Monstrous stone gargoyles keep vigil over an abandoned Gothic mansion. Do they know the answer to the riddle of why it was never finished?

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For some people it is the all-time white elephant, both useless and insatiable. For others it is a priceless architectural jewel. Without question it is unique.

I refer to Woodchester, the Gothic mansion tucked deep among the woods in a valley near Stroud. Begun in 1858, abandoned unfinished in 1871, never completed, adorned by monstrous stone gargoyles, it remains an amazing memorial to the religious enthusiasm of its creator, William Leigh.

A successful merchant and, in middle age, a convert to Roman Catholicism, Leigh set out to create a building that would be not only his own home, but also a replica of a medieval monastic community. Having quarrelled with his first architect, Augustus Pugin (who also designed the House of Commons), he put the project in the hands of a young local man, Benjamin Bucknall, who had been strongly influenced by that master of Gothic revival, Viollet-le-Duc.

The result was an immense edifice of pronouncedly Gothic character with the heavy buttresses and steeply pointed arches one would expect in a church, built almost entirely of stone, and incorporating a chapel, a bakery and a brewery. Such was the scale of it, so fine the work of the masons, that rumour claimed Leigh planned it as a sanctuary for the Pope, who at one stage had been driven from the Vatican by revolutionary pressures.

After an initial three-year spurt, construction slowed, and doddered on for another decade before coming to a halt. Why it stopped, we shall never know. Leigh, living on the rim of the valley only a few hundred yards away, must have gone down a thousand times to see how his new home was progressing, and it must have been with a heavy heart that he called a halt.

Did he run out of money? Was he worried by declining health? Why did his builders leave wooden scaffolding, a ladder and even some of their tools on site?

The roof was on, but many of the windows remained unglazed. For more than a century and a quarter the wind has whistled through the great, gaunt shell - and, paradoxically, the fact that so much air goes through has helped preserve it. Nevertheless, by 1986 rain had started to penetrate the roof, and if Stroud District Council had not stepped in to buy it from the offshore trust which owned it, parts would have collapsed.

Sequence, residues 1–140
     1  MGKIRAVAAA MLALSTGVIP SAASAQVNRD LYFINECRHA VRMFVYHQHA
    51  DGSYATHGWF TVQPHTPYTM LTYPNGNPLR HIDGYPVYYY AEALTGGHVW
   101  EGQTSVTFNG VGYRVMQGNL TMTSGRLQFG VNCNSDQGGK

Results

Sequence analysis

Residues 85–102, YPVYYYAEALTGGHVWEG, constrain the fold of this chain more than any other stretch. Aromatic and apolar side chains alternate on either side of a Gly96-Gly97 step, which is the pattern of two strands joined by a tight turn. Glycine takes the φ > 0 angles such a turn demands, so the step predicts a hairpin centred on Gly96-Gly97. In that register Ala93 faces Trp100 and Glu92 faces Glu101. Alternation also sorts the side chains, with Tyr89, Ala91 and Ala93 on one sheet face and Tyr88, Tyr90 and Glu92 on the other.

Now the building is in the care of the Woodchester Mansion Trust, a band of dedicated volunteers who rent it from the Council for a nominal sum and open it to the public on selected weekends in summer. By raising more than pounds 20,000 a year, to supplement grants from the Council and English Heritage, they have been able to carry out preliminary repairs.They have also installed electricity and running water, and made a few rooms usable for meetings; but their aim is to restore the entire structure.

The cost will be astronomical - pounds 3 million at least - but the Trust, undaunted, recently appointed a practising architect, Robert Stiling, as appeals manager. He aims to attract sponsorship from firms keen to have their names associated with the house, and hopes that day courses will become acceptable as events for people pursuing their own Continued Professional Development.

The mansion is of burning interest to architects, for its unfinished interior displays Victorian building methods in a way that can be seen nowhere else. It is also used as a centre for masterclasses in stone working techniques.

Yet a visit leaves one astonished by the house's impracticality. Although Bucknall prescribed numerous ventilation shafts, he made no provision for central heating except in the chapel. The single lavatory is high up on the second floor. There is one bath, carved from a single block of stone. The kitchen is tiny, and a day's march from the dining room.

Luckily these deficiencies cause no inconvenience to the four rare species of bats which inhabit the brewery at the back of the house during summer and autumn. So highly thought-of are these, the only residents, that English Nature pays the Trust about pounds 1,500 a year as rent for their lodging.

Enquiries to Robert Stiling, Woodchester Mansion Trust, Old Town Hall, Stroud, Glos GL5 1AP (01453 750455).